Not holding my breath that the Australian authorities give a fig about human rights though – they have not shown any signs for a long time. Are they really asking why this super fit young male athlete who has had Covid twice not want this vaccine that has limited efficacy and that has serious side effects that adversely affect his section of the population.

Fran Martinez
Fran Martinez
5 months ago

I am also shocked to agree with Chivers. When will lockdowns and vaccine mandates be considered also outdated by him, though?

Andrew Fisher
Andrew Fisher
5 months ago
Reply to  Fran Martinez

It should depend on the evidence shouldn’t it? As far as I can see, lockdowns can’t be shown to be effective, as well as being very damaging, vaccines are (they reduce the chances of severe disease). Vaccine passports, at least against Omicron, probably have little or no effect. Masks, seems to depend on the type but most cloth masks have a very limited if any benefit, probably only for others and not the wearer. But I’m open to argument and evidence.

As far as I can see Chivers bases his views on research and evidence and he is always open to questioning and doubt.

Unfortunately all too many people (including on this forum) do not, and just disappear into their own echo-chambers picking up bits of stuff on the internet they agree with and rubbishing everything else, or claiming it is all a world wide conspiracy (or sometimes, a Chinese bio-
weapon!) etc.

Last edited 5 months ago by Andrew Fisher
Jean Nutley
Jean Nutley
5 months ago

Sadly it isn’t just the Australians that have this attitude. The NHS is insisting all staff are vaccinated or lose their jobs. This is to people who have worked alongside patients and colleagues who have had Covid, many have had it themselves, so therefore have natural antibodies. But a vaccine of limited time value is still preferred by the ignorami/muses(?) who dictate how the NHS is run. Not that any of ’em get their hands dirty you understand.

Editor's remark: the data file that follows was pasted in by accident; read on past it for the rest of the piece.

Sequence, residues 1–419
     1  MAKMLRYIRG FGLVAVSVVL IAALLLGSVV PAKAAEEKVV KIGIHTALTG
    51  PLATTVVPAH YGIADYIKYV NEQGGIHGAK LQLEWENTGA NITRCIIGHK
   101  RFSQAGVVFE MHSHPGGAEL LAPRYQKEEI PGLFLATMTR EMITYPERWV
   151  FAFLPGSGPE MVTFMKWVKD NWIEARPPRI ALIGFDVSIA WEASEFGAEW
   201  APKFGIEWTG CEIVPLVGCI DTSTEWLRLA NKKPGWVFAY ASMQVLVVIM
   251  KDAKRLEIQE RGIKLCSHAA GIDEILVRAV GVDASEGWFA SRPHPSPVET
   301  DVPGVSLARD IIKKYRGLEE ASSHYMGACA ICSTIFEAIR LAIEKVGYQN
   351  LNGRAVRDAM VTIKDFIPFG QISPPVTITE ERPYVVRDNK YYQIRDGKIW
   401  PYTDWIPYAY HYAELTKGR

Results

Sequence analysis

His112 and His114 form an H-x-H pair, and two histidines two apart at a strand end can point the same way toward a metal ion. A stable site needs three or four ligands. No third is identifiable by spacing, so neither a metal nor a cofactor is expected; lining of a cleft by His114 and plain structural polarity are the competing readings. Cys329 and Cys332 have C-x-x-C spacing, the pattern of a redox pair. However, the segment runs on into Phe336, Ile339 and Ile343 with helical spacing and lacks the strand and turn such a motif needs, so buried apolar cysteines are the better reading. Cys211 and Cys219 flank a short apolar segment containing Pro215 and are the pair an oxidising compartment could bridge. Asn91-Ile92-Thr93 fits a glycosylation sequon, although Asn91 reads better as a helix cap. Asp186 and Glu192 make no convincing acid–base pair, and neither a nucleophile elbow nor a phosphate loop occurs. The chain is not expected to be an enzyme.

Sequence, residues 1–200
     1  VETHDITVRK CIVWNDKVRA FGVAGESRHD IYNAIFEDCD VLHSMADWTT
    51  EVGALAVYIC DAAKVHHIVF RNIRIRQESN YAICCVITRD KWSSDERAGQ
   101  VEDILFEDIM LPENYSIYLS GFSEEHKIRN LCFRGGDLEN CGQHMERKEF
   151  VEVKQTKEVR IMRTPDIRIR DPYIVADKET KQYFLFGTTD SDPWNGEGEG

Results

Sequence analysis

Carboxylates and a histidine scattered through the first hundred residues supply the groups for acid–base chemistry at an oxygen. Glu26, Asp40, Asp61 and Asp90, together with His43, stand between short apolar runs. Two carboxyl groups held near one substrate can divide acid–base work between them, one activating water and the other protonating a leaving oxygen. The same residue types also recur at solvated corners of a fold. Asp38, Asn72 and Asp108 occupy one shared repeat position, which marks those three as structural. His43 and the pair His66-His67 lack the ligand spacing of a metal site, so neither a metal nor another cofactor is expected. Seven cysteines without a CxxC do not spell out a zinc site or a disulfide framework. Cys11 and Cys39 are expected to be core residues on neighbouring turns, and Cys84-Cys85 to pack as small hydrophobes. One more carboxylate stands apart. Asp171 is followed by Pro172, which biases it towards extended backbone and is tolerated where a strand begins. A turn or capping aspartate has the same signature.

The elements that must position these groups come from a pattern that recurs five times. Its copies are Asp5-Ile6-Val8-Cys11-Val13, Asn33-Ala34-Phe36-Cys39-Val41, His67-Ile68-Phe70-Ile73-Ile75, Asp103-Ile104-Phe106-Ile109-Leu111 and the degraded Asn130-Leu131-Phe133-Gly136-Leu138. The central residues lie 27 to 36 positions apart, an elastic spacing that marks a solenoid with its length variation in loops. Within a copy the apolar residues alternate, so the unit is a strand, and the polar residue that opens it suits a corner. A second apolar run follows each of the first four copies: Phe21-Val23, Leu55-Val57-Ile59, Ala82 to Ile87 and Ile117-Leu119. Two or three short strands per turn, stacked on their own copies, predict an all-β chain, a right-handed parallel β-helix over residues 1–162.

Lesley van Reenen
Lesley van Reenen
5 months ago
Reply to  Jean Nutley

Disgraceful

Sue Whorton
Sue Whorton
5 months ago
Reply to  Jean Nutley

When my husband was working in the NHS, flu vaccines were not mandated but if you did not have one, you had to have discussions with your line manager and give a justifiable reason such as allergy or previous abreaction.

Alka Hughes-Hallett
Alka Hughes-Hallett
5 months ago

A change of tune from Chivers?

Galeti Tavas
Galeti Tavas
5 months ago

This is merely the first leaf falling in autumn. The entire world is waking up to the utterly self destructive psychosis every single aspect of the covid response was/is – and so the ones who caused this disaster will begin excusing their ‘mistakes’, as having had bad information.

Soon every one of the NHS clapping, masking policing, Vax Mandating, Lockdown forcing neo-Fa* cists will begin their Mea-Culpas, as the masses realize they have had their freedoms destroyed, their economy wrecked, their children’s education shattered, their small business bankrupted for no reason, And, that by forbidding early treatment of this most treatable illness (if treatment is given at first symptom, rather than the advice to do nothing till hospitalization is required) 85% of all the deaths were un-necessary.

At first symptoms if Ivermectin,Hydroxychloroquine, Vitamin D, Fluxoxamine, azithromycin, zinc, and any of a dozen other proven re-purposed medicine were administered almost no one would have gone to hospital. This was forbidden though – to stop people having vaccine hesitance as all must have the vax was the word from above – so no relief other than Vax was allowed, resulting in 85% of deaths being un-necessry, and millions harmed by the vax, and $Trillions of debt created.

Watch McCullough or Malone to see the other side – hundreds of youtubes like this one are available https://www.youtube.com/watch?v=g3nzhgdJAZY

Gunner Myrtle
Gunner Myrtle
5 months ago
Reply to  Galeti Tavas

Yes – the refusal to do anything other than flog vaccines – because it would make us hesitant- was criminal. They have created a whole generation of conspiracy theorists.

Judy Englander
Judy Englander
5 months ago

I’ll never forget a visit to hospital for a scan last year. It was a warm June day but every single window was shut. We were all breathing a warm fug. But they did supply hand disinfectant every few metres!

Last edited 5 months ago by Judy Englander
James Joyce
James Joyce
5 months ago
Reply to  Judy Englander

A capital idea! Create jobs (hand sanitizer people) and show the world that the NHS is doing something to attack the problem. This will keep you safe!